Latest posts by Sam Amico (see all)
- Amico: Drew must keep Cavs on course despite uncertain future - February 18, 2019
- 2019 Mock Draft: Fifth installment, via lottery simulator - February 18, 2019
- LeBron, Lakers have ninth-toughest remaining schedule - February 18, 2019
Some say the Cleveland Cavaliers are clinging to their likely lottery pick with all their might.
They are actually quite open to trading it, writes Terry Pluto of Cleveland.com:
I’ve heard from top league sources the Cavs will do it — but not for a short-term answer such as DeAndre Jordan. That’s because Jordan can become a free agent at the end of the season.
The draft pick in question came to the Cavs in the Kyrie Irving trade with the Boston Celtics. It was once property of the Brooklyn Nets — so the draft position depends on a combination of the Nets’ final record and the results of the draft lottery in May.
The Cavs have between now and Thursday’s trade deadline to decide what to do with it. They could, of course, also trade it on draft night — along with their own first-rounder. (They can only trade one or the other during the regular season.)
But the draft is in June. The Cavs, who struggled through a 6-8 record in January, need help now.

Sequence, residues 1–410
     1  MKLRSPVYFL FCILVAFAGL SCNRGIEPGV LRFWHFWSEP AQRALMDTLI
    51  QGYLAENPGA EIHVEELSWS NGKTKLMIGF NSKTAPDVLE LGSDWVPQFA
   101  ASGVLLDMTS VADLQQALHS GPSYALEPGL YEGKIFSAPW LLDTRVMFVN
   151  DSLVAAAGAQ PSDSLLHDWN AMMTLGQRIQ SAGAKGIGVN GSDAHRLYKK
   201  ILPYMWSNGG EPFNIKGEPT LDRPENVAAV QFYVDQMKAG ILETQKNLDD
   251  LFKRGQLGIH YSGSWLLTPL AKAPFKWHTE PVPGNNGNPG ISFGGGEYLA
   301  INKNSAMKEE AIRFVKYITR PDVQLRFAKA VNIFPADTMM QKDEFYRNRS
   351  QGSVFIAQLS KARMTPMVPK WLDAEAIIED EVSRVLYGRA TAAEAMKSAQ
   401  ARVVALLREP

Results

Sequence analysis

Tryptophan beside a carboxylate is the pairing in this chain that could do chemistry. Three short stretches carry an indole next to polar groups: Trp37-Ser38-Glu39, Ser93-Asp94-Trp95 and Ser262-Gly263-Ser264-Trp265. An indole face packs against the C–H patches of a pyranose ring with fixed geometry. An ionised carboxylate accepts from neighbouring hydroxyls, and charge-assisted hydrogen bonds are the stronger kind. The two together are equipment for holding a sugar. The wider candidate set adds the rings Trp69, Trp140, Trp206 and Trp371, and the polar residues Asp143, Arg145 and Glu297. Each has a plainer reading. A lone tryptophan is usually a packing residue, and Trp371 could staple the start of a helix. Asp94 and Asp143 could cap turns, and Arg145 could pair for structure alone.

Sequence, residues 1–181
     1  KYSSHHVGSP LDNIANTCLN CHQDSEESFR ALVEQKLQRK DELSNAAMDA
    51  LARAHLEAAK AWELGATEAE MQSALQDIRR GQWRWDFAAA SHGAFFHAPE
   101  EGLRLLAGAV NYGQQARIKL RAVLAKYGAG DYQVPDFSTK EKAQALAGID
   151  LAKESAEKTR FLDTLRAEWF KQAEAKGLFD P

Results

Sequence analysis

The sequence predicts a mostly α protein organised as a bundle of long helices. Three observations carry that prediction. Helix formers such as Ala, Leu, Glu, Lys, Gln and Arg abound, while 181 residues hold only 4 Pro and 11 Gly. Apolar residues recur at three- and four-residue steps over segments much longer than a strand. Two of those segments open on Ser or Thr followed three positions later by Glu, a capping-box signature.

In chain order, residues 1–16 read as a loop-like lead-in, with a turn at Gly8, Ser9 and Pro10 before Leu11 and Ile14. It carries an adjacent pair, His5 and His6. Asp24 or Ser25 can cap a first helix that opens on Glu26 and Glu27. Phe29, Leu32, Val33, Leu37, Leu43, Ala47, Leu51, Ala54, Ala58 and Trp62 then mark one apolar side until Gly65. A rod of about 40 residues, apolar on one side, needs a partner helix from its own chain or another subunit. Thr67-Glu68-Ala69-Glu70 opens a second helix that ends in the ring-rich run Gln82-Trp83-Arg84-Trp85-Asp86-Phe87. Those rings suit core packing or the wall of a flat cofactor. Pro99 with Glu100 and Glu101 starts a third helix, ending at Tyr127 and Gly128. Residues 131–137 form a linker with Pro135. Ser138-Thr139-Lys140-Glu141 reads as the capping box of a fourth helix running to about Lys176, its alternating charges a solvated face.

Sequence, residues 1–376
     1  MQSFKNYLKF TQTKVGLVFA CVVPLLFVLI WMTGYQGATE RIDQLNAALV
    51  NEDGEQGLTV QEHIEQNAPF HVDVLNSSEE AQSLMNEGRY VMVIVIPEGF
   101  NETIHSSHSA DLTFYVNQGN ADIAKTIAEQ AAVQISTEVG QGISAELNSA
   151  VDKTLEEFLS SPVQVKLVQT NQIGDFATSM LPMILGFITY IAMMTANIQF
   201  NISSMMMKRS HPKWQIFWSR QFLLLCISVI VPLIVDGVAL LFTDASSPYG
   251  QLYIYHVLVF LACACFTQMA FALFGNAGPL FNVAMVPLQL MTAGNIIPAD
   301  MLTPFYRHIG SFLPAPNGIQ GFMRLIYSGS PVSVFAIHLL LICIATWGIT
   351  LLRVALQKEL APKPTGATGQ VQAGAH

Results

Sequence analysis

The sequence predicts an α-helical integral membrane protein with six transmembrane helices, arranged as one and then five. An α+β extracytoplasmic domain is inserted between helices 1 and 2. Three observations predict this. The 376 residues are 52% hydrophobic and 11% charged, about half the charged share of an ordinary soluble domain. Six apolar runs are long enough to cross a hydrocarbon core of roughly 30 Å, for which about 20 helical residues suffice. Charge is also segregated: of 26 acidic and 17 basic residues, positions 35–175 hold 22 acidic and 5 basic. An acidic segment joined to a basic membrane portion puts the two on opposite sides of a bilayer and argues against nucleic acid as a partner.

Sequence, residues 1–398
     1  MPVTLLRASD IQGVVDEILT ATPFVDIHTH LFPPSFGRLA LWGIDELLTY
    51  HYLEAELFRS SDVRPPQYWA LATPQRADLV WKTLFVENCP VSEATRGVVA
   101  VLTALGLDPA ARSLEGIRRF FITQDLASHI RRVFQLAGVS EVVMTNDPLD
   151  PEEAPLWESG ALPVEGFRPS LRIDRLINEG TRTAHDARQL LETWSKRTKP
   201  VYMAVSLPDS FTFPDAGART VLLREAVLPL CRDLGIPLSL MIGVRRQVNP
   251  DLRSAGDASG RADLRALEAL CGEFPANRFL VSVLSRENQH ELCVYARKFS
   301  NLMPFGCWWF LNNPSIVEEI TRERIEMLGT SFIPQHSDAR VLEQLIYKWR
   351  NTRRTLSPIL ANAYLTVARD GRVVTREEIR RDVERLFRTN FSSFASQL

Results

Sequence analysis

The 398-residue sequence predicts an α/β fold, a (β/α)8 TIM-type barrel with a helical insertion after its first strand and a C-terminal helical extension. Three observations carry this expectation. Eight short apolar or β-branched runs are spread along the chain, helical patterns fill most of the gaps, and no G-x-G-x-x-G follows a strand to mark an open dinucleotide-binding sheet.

So has Cavs general manager Koby Altman put the pick in play? Yes again, Pluto wrote:
The Cavs would trade the pick for a younger player who is under team control for a few years. But they are willing to deal their own first-round pick in 2018 for the right short-term fix.
Prior to the season, Altman told Amico Hoops the pick is sure to draw lots of interest.
“I think we have a responsibility to see what’s out there,” he said. “I think there will be tremendous interest. We have a responsibility to listen to calls.”
Along with all that, Pluto wrote he has heard Cavs shooting guard J.R. Smith “is being offered to multiple teams.”
Maybe, but good luck. Smith is having a lousy season with averages of 7.8 points and 38-percent shooting, and as Pluto mentioned, is making a whopping $13.7 million this season, with $14.7 million due next year.
Basically, if the Cavs want to unload Smith, they would likely need to attach the Brooklyn pick. It could happen — but only if the return will help the Cavs in both the short and long term.
All things considered, that blend undoubtedly will be tough to find.